Let’s take a fresh look at Jesus’ Twelve
as Primal Groups.
I was watching Monday Night Football with Travis Twyman, pastor at the Inland Vineyard, and his family in the Fall of 2015. Travis is a bright thinker who thinks from Scripture. In a few sentences, he mentioned how he was stirred to think about primal groups.
I was hooked!
I began to bombard him with questions. We discussed primal groups during the rest of the game (I’m not sure who won!) The first few sentences brought “conversion” to my previous thinking and experience in discipling for decades. This added dimension to what I already partially did as I met with men in disciple-making has exciting potential.
Why do I believe primal groups are such essential building blocks to multiply catalytic koinonia in community, both in number and in depth?
I have been discipling for years through small, temporarily closed bands of people centered around Scripture. We trust our indwelling Trainer to give insight and LifeChange. But there’s more…much more. I’m in the early process of working this out more fully, so please come alongside and experiment with me. Learn how to develop healthy primal groups to train others for healthy LifeChange as communities birth other groups. A fresh look at Jesus’ Twelve as primal groups should change how we develop disciples of Jesus in the 21st century.
Three Groups of Four
Following are the four lists of the Twelve in the New Testament to lay groundwork for looking at primal groups in our 21st century setting. We will look at the Biblical information, then at some anecdotal suggestions. I have drawn heavily from William Barclay’s The Master’s Men, and excellent, short compilation by a man with a masterful grasp of language.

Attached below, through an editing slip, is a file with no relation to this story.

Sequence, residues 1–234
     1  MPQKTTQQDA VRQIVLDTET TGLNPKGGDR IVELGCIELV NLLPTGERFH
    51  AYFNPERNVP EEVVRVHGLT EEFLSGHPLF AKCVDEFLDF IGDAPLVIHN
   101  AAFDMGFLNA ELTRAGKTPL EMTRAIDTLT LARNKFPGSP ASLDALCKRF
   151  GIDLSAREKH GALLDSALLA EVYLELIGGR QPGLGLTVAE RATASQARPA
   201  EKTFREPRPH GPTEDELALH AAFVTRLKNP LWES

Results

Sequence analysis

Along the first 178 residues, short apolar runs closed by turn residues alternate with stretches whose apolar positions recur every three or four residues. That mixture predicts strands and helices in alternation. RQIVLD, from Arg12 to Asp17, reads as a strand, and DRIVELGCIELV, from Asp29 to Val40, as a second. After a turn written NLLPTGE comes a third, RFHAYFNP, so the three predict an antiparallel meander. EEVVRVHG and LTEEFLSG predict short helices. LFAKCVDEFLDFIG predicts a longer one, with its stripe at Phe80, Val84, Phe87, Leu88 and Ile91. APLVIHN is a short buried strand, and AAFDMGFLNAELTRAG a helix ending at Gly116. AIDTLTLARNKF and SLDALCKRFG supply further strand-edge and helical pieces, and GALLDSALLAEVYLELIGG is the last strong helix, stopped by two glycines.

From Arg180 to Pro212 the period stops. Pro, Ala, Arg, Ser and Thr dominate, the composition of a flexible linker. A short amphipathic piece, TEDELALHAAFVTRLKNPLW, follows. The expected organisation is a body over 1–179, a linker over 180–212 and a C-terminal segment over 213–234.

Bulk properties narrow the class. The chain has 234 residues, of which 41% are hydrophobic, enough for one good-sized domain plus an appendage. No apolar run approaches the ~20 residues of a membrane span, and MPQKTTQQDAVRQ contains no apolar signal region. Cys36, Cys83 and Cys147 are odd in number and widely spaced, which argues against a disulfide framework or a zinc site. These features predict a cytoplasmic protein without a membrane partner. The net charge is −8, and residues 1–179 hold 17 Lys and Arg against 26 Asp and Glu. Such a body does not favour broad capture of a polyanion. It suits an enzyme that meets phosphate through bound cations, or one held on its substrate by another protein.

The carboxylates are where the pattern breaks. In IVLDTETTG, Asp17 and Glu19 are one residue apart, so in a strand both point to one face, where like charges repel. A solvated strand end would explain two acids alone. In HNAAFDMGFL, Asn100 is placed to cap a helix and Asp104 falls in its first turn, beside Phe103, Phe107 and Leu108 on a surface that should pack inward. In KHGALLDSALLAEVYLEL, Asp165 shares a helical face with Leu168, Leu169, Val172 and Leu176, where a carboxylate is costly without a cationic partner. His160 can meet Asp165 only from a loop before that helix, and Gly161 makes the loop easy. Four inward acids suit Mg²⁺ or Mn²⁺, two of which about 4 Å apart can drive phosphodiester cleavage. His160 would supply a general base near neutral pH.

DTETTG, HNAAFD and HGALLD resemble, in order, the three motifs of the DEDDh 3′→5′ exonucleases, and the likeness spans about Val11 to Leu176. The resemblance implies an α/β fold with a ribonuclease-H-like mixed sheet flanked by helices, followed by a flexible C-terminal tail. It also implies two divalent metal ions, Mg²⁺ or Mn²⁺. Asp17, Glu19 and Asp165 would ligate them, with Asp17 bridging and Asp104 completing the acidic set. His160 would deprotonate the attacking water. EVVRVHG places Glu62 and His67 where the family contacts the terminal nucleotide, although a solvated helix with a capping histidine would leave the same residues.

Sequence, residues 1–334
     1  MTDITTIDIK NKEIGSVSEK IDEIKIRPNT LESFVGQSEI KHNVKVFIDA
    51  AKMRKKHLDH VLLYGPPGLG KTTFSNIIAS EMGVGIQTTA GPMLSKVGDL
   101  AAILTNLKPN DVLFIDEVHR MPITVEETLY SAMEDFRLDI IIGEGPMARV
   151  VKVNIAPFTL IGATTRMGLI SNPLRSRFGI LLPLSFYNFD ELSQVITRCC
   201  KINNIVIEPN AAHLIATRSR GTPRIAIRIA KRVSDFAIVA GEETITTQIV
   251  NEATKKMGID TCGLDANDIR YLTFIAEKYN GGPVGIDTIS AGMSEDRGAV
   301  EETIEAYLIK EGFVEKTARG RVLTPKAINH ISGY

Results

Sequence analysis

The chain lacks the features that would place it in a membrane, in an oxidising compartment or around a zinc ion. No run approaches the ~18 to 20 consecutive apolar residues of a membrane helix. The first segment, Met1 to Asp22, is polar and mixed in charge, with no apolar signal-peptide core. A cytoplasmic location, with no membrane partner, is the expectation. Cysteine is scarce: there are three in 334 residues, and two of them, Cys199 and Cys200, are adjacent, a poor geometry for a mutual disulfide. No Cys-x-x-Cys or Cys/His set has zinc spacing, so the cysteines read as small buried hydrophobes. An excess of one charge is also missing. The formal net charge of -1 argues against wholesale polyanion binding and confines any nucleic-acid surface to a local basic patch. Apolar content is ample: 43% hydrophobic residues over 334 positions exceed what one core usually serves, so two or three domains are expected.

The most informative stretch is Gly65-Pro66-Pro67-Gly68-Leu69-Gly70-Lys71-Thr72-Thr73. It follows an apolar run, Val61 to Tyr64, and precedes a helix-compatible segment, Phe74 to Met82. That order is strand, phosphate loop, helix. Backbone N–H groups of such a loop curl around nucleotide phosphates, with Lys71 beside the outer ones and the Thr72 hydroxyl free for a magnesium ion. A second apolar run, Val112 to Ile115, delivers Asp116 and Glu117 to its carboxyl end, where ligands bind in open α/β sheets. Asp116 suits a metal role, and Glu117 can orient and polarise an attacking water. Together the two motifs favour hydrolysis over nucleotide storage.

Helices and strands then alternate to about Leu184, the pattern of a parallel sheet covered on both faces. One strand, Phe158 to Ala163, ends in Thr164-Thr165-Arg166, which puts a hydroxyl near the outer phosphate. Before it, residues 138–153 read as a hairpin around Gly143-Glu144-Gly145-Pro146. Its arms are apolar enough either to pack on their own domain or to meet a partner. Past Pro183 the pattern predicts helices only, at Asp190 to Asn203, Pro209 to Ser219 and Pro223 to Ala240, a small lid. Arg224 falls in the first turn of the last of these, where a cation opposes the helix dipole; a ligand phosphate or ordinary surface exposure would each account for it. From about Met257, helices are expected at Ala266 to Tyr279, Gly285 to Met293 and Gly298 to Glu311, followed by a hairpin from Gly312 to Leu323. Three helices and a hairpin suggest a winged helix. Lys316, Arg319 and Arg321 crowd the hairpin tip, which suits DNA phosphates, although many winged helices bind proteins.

The reason for this in-depth dive is practical ministry. I believe Jesus is the best model for both character and for ministry. So how did Jesus disciple? We know about His Twelve. Was there perhaps more undergirding why Jesus gathered these twelve? In the first century, growth happened through oikos, basically extended family. Today we might use the term affinity relationships, whether they are work or play, family or church related.
Digging deeper into a fresh look at Jesus’ Twelve
As we piece together a bit of their background from scattered Scriptures and early Christian documents, it seems that Jesus’ Twelve Disciples also had close affinity with the others in three “primal groups” of four each, even as they were also part of the larger group of twelve. Notice from the list, each has an “anchor” as the first person in each group (although within the group of four the order differs).
Peter certainly operated as “first among equals” in the Twelve. Philip invited Bartholomew (Nathanael). Both/And. And these very ordinary men turned the world upside down. For our purposes, I want to highlight their oikos relationships with one another, that is, their natural connections, which accelerates quick bonding. If this intrigues you, William Barclay’s The Master’s Men is helpful for further study.
The first LifeChange primal group has four very familiar names.